An RIA’s poor compliance procedures let hackers steal $290,000 of client funds
Financial advisers who aren’t prepared to defend against client spoofing attacks not only stand to lose client funds, but also face steep penalties from regulators.
FPPad readers have known since April 2012 that hackers are targeting financial advisers, masquerading as clients via email in a ruse to steal client funds.
Go read Why advisers can’t trust their clients anymore for a refresher of what spoofing attacks are and steps to defend them.
Spoofing Strikes Again
This week, several of the industry trade magazines broke the story about GW & Wade, a registered investment adviser based in Wellesley, Mass., regarding how hackers were able to steal $290,000 of client funds from the company. See RIA Fined By SEC After Hacker Uses E-Mails To Steal Client Funds from Financial Advisor magazine and SEC Sanctions 3 RIAs for Custody Rule Violations from Financial Planning magazine.
The lapse in compliance policies and procedures at the company also resulted in a civil penalty assessed by the SEC in the amount of $250,000.
Full details of the SEC Administrative Proceeding can be viewed here (opens a PDF in a new window).
Hackers Target Advisers
Hackers continue to target investment advisers because they’re the ones with the ability to direct fund transfers.
Solo advisers might not fall victim to a client spoofing attack so easily because they may detect right away that something about the client’s communication is just “not right.”
But when the same attack is deployed in a multi-billion dollar RIA with dozens of administrative employees, hackers have much better odds of success.
Convenience Creates Risk
Once again, according to the Administrative Proceeding, GW & Wade had hundreds of blank Letters of Authorization (“LOAs”) forms on file with only client signatures.
Only after a request was received would the company fill in the pertinent details on a pre-signed LOA and route it for processing.
The convenience of pre-signed LOA forms decreased the chances the company would suspect something wasn’t right with a client wire request. Instead of verifying the authenticity of the request, the company simply routed the pre-signed LOA forms with wire instructions included.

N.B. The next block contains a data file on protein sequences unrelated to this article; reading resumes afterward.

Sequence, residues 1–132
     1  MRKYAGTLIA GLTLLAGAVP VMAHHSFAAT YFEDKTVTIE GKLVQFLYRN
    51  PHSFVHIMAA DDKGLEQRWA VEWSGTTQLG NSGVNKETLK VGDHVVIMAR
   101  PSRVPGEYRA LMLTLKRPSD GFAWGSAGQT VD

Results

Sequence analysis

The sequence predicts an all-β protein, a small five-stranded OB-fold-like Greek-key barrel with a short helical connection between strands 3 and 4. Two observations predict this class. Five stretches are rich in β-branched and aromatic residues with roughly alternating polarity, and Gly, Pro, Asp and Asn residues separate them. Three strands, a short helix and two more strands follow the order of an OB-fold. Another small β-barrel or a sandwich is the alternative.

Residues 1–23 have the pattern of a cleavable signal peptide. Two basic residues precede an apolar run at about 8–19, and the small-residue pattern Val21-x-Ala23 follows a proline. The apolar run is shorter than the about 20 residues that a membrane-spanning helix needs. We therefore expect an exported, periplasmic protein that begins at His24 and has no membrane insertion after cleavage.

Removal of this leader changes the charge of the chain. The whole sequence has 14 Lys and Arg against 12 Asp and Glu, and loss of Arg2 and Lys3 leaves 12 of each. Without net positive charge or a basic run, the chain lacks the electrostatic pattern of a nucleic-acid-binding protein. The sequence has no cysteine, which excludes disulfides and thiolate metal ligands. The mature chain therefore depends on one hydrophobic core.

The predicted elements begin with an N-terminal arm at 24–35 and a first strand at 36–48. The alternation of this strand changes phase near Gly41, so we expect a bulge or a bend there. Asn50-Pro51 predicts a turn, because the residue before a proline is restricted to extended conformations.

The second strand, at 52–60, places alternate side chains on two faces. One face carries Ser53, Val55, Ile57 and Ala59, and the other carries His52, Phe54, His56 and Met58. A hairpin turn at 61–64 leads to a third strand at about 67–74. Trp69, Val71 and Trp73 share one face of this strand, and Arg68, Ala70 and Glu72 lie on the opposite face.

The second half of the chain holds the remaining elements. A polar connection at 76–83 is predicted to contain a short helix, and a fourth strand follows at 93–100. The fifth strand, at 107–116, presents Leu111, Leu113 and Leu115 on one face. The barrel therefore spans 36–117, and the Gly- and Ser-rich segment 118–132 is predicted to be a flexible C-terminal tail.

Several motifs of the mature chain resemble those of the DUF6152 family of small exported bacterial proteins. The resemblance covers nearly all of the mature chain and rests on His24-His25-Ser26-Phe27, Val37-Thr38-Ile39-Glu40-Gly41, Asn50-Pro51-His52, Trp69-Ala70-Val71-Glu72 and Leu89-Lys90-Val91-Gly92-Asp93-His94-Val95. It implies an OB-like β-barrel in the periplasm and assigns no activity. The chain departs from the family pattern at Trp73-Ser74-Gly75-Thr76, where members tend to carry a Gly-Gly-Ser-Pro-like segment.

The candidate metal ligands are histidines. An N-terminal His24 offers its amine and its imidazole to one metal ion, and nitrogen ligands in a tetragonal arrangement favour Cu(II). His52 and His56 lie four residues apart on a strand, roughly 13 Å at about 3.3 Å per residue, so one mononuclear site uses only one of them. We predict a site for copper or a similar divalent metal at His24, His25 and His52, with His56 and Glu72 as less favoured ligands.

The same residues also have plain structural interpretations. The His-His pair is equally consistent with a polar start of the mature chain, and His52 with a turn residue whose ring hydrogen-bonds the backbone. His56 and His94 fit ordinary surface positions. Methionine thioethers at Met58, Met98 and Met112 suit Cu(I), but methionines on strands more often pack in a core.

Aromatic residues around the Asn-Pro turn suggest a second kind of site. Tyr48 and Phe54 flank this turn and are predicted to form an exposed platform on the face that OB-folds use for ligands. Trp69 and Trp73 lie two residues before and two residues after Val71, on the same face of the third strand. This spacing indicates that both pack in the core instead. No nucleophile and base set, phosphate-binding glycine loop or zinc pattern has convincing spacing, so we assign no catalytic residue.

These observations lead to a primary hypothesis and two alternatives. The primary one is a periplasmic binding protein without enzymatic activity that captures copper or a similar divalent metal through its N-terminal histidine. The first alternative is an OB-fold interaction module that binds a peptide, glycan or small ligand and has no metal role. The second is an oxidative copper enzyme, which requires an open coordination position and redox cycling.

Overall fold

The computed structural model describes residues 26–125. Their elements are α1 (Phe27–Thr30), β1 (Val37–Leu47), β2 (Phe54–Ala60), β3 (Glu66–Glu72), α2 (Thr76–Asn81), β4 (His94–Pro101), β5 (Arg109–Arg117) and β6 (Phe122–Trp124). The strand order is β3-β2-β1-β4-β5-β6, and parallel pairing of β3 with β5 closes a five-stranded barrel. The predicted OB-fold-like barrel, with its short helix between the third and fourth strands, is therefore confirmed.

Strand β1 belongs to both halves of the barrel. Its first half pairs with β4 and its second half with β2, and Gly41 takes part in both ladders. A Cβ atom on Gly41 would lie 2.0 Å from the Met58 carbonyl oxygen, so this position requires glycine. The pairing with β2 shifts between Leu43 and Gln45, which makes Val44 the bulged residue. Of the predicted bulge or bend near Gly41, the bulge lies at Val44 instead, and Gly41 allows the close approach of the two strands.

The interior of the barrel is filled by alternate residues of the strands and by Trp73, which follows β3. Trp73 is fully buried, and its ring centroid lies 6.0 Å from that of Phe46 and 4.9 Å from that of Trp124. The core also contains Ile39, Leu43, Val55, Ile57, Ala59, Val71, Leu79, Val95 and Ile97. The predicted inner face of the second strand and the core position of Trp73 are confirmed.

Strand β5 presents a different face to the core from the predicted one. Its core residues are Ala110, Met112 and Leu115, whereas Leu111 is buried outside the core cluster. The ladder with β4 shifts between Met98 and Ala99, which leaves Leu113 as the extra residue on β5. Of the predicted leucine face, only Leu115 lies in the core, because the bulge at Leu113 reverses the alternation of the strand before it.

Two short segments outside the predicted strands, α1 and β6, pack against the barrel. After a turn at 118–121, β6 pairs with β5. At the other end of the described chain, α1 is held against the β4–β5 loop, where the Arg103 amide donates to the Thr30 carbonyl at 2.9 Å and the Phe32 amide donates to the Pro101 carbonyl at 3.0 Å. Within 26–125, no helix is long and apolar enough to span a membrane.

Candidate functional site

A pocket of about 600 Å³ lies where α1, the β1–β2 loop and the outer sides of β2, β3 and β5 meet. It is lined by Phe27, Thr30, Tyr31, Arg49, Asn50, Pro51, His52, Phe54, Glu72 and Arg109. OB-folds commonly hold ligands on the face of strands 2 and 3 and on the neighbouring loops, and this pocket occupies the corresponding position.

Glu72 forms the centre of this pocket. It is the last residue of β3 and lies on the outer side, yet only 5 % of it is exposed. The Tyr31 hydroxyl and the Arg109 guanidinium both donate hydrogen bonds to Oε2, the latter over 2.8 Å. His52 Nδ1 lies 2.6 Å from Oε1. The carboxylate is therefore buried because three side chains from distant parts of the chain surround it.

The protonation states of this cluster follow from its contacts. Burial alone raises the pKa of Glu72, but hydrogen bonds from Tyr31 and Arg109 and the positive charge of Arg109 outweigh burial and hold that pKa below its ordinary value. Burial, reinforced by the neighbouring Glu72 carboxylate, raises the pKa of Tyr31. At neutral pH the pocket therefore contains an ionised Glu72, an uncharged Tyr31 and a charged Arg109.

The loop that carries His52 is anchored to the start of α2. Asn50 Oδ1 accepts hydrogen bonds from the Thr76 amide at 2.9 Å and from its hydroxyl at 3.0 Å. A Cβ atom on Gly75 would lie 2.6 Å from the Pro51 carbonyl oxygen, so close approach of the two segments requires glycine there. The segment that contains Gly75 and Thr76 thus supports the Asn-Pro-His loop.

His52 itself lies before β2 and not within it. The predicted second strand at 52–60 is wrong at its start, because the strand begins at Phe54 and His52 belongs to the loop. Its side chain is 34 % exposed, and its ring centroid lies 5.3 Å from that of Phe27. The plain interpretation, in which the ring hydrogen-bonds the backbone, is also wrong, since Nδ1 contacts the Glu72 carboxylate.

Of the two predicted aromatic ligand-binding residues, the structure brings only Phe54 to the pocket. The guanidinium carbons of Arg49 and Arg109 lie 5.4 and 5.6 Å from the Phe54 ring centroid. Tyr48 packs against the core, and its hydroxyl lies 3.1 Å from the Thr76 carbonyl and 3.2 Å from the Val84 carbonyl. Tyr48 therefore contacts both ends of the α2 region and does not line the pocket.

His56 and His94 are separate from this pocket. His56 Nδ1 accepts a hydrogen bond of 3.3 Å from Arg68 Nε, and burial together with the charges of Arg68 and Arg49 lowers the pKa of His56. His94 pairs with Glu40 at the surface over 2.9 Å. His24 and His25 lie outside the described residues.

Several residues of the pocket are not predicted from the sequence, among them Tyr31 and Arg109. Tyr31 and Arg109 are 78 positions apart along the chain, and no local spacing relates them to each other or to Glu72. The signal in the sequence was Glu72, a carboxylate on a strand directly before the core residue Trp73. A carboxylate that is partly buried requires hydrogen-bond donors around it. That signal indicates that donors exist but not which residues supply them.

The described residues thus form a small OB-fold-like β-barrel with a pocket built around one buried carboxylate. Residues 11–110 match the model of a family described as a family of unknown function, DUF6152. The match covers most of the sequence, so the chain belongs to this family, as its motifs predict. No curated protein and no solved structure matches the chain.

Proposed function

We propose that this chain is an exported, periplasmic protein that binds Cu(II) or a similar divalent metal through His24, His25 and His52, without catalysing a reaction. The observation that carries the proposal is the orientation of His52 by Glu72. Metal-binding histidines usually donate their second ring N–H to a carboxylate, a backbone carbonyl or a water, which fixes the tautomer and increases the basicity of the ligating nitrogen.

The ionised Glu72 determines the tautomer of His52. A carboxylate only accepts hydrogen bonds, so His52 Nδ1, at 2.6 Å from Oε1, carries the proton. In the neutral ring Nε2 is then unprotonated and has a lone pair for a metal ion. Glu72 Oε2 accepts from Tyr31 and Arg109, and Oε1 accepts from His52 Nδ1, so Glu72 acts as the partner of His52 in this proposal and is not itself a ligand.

Although, one could argue that if GW & Wade DID try to obtain a client signature via email, following the spoofed client’s instructions, the attack still would have succeeded.
So assume for a moment that no pre-signed LOA forms existed, GW & Wade likely still would have fallen prey to client spoofing because the company would have tried to obtain a client signature via email. The hacker likely would have quickly complied using a signature cut and pasted from another document in the hacked email account.
Clearly, a separate factor of authentication is required to properly authenticate wire requests from clients (a secret phrase, a video chat, Why advisers can’t trust their clients anymore has more details).
Calculating Fees With Spreadsheets Is Hard
Also buried in the Administrative Proceeding is a note about excess fees charged by GW & Wade.
Allegedly since January 1, 2005, the company failed to exclude mutual fund class C share holdings in assets subject to the company’s advisory fee schedule.
The company likely was already receiving 12b-1 fees from the C share holdings, but evidently was “double dipping” by charging the firm’s advisory fee on the same C shares once again.
I have no additional details on the matter, but let’s assume that advisory fees were calculated using a spreadsheet loaded with the value of client holdings for each quarter.
If that spreadsheet isn’t designed to specifically recognize C share mutual fund holdings (which, quite frankly, opens up a Pandora’s box of trouble on its own) and exclude them from the advisory fee calculation, then it’s far too easy to roll up those C share holdings among all the other assets and calculate the fee due.
For GW & Wade, the company now has one year to reimburse in full every client affected by the excess advisory fees charged. That means going back over more than eight years of billing history to determine what the amount of excess fee was charged to each client, quarter by quarter, and credit each client accordingly. That applies to both current and former clients!
So for former clients, how many of you retain holding balances and pricing information indefinitely?
Talk about a huge big data challenge.